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|dc.identifier.citation||Clinical Orthopaedics and Related Research, 1998; 352(352):223-230||en|
|dc.description.abstract||Particles of prosthetic material stimulate macrophages to release cytokines, which may cause bone loss and loosening of the prosthesis. This study investigates the possibility that particles of different prosthetic materials may induce different cytokines and thus have different effects on bone remodeling. The in vitro response of human monocytes to particles of cast and forged cobalt chrome alloy, stainless steel, and titanium aluminum vanadium alloy were compared. There was no difference in the biologic response to cobalt-chrome particles derived from cast or forged material. Cobalt-chrome particles were toxic to the cells, but titanium aluminum vanadium particles did not affect cell viability. Stainless steel particles were approximately 10 times more toxic than were cobalt-chrome particles. All particles induced the release of tumor necrosis factor and interleukin 1 beta; stainless steel particles were the most potent stimulators of interleukin 1 beta; titanium aluminum vanadium particles were the strongest stimulators of interleukin 6 and prostaglandin 2. The study showed that particles derived from prosthetic materials of different metal compositions can elicit significantly different biologic responses. Understanding these different responses may help identify materials better suited for prostheses.||en|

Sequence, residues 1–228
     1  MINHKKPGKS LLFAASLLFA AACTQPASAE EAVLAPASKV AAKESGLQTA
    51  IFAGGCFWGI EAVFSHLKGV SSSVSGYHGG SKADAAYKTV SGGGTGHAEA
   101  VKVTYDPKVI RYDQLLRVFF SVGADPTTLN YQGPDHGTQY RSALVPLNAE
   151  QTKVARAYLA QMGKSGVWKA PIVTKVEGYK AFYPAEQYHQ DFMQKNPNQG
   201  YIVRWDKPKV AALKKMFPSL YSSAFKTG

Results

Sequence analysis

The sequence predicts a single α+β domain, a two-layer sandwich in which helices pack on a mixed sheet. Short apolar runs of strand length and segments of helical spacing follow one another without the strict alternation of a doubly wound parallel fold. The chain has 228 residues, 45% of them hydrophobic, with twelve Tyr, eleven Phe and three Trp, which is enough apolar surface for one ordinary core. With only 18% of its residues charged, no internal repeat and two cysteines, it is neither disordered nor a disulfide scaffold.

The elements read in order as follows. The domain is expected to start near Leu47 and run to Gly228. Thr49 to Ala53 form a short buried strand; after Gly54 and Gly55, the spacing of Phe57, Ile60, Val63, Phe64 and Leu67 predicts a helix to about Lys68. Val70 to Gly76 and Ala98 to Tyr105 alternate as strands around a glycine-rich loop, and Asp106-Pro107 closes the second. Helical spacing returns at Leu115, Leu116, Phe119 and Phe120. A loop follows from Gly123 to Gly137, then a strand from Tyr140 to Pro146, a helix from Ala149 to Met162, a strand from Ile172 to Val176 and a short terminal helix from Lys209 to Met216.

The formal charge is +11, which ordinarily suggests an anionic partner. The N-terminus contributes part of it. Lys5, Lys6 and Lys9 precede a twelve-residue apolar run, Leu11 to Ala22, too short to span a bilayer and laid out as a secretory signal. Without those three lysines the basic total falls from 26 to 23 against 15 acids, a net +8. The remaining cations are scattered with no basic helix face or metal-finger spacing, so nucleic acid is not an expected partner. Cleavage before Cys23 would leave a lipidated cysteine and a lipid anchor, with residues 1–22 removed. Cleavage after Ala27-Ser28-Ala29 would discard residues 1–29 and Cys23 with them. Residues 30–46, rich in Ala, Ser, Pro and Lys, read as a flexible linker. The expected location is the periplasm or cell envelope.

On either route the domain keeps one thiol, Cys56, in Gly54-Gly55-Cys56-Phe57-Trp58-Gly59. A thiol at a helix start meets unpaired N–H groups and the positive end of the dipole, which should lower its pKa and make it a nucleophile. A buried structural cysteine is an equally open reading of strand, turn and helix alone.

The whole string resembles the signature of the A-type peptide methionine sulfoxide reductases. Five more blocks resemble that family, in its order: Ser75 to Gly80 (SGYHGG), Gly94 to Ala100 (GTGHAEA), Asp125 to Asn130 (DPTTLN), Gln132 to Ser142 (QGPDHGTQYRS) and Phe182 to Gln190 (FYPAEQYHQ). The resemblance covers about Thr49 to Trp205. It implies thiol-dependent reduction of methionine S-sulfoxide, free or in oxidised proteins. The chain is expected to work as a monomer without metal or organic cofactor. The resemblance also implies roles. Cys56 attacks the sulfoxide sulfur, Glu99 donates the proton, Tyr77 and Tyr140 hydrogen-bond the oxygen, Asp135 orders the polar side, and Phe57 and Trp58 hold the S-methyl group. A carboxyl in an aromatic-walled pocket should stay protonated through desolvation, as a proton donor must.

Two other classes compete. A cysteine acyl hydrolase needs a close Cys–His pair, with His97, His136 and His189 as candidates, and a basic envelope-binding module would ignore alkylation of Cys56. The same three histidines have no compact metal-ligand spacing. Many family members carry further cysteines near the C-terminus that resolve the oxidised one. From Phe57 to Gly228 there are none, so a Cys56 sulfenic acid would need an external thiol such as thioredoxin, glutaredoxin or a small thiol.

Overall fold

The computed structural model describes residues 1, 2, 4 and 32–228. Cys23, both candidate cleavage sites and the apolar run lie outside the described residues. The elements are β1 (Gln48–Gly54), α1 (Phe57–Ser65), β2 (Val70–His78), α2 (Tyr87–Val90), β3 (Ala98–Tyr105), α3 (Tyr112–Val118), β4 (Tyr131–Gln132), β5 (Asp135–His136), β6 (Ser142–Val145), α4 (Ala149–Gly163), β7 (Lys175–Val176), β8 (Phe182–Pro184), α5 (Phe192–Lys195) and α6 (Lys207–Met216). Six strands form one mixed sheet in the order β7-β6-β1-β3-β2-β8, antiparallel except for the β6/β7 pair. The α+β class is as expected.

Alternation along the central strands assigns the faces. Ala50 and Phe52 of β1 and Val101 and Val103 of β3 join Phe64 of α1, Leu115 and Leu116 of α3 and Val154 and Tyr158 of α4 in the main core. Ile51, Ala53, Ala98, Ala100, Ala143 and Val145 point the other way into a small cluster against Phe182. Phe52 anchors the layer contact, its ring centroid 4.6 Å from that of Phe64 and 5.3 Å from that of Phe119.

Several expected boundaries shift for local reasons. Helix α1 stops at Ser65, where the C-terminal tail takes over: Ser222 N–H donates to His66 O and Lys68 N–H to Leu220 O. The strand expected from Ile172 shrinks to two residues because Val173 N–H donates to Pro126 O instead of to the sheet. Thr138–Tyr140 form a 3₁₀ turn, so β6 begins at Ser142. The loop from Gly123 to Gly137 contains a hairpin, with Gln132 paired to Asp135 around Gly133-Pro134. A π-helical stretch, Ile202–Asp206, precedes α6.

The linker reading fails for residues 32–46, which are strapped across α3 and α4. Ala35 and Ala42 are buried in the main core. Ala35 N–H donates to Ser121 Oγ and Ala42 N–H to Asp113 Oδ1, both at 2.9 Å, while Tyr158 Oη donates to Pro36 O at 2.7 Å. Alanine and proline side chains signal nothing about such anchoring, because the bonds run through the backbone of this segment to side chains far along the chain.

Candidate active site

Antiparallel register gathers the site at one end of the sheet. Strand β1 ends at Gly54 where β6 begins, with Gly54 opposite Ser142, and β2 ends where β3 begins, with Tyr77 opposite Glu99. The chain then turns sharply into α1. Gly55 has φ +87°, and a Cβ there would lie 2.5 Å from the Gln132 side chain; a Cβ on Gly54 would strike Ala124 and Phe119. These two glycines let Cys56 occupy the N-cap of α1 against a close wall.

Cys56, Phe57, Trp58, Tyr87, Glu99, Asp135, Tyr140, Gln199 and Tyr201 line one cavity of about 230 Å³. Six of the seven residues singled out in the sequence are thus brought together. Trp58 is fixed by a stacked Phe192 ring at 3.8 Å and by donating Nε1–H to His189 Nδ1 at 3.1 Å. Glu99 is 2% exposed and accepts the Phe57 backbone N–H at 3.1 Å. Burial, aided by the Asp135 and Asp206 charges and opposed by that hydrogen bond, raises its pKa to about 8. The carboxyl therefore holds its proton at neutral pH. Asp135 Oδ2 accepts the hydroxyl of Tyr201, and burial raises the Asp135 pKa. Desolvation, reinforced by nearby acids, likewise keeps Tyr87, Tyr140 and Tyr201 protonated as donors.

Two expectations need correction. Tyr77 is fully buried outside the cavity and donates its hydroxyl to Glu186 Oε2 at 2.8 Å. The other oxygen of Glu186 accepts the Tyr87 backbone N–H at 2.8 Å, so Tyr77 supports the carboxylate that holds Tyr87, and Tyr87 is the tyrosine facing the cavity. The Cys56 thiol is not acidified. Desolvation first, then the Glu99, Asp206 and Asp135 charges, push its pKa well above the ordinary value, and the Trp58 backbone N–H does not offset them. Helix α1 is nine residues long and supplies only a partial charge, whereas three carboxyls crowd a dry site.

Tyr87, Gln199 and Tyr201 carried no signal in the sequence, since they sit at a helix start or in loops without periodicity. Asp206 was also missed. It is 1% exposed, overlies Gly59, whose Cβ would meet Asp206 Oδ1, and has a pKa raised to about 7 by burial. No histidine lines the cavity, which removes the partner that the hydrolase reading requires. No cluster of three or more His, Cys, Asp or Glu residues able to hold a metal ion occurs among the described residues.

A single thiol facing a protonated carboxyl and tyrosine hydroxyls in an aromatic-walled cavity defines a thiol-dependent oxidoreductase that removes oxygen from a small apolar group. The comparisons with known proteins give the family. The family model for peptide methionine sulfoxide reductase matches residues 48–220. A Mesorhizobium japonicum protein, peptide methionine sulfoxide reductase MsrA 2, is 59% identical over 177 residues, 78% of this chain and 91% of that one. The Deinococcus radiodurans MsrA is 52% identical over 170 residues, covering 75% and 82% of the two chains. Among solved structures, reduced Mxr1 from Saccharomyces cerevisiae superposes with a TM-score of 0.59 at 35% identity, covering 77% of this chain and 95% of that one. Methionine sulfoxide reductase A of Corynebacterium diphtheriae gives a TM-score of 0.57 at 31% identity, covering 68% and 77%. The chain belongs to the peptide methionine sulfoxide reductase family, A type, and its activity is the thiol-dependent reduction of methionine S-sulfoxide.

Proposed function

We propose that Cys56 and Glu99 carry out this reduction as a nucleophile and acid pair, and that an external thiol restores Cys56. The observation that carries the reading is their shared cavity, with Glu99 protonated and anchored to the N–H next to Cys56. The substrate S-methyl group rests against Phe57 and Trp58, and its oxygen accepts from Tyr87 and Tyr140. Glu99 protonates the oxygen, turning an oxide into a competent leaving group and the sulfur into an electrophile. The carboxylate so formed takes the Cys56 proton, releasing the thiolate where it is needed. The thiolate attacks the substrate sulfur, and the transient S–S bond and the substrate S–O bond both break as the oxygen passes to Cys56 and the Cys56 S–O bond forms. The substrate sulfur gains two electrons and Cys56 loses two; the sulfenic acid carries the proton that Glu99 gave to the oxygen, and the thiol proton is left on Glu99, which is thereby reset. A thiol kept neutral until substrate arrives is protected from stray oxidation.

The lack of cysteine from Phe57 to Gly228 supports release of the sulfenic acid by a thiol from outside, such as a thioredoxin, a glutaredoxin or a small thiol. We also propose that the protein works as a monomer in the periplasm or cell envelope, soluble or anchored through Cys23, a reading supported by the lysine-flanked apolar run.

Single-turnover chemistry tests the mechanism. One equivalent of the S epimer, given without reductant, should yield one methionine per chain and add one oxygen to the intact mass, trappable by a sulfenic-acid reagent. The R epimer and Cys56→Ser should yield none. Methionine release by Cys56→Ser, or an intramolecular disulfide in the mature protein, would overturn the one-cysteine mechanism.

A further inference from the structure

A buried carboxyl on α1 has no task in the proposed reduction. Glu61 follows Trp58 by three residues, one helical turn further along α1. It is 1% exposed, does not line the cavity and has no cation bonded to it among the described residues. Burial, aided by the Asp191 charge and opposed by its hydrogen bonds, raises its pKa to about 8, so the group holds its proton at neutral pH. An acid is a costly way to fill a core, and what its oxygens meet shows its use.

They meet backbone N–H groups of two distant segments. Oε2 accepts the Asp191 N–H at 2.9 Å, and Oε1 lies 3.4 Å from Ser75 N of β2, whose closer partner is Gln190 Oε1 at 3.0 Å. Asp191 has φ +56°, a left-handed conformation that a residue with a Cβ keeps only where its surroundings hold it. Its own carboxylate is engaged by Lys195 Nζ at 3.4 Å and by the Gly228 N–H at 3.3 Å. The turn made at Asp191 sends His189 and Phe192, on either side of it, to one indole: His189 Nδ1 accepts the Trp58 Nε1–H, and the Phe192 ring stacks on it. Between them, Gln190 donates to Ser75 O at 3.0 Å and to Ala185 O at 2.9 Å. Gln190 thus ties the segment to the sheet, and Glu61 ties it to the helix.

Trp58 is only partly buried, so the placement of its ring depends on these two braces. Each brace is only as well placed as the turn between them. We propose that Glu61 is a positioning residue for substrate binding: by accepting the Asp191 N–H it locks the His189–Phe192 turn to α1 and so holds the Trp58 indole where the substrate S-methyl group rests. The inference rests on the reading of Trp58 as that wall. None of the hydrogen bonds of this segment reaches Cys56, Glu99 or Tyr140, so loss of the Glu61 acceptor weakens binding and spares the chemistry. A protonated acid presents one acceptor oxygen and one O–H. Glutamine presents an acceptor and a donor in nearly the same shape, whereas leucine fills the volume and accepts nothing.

|dc.publisher||LIPPINCOTT WILLIAMS & WILKINS||en|
|dc.subject||Monocytes; Cells, Cultured; Humans; Chromium Alloys; Titanium; Stainless Steel; Alloys; Dinoprostone; Tumor Necrosis Factor-alpha; Interleukin-1; Interleukin-6; Cytokines; Biocompatible Materials; Particle Size; Female; Male||en|
|dc.title||Variation in cytokines induced by particles from different prosthetic materials||en|
|pubs.library.collection||Orthopaedics and Trauma publications||en|
|dc.identifier.orcid||Howie, D. [0000-0003-1702-3279]||en|
|Appears in Collections:||Orthopaedics and Trauma publications|
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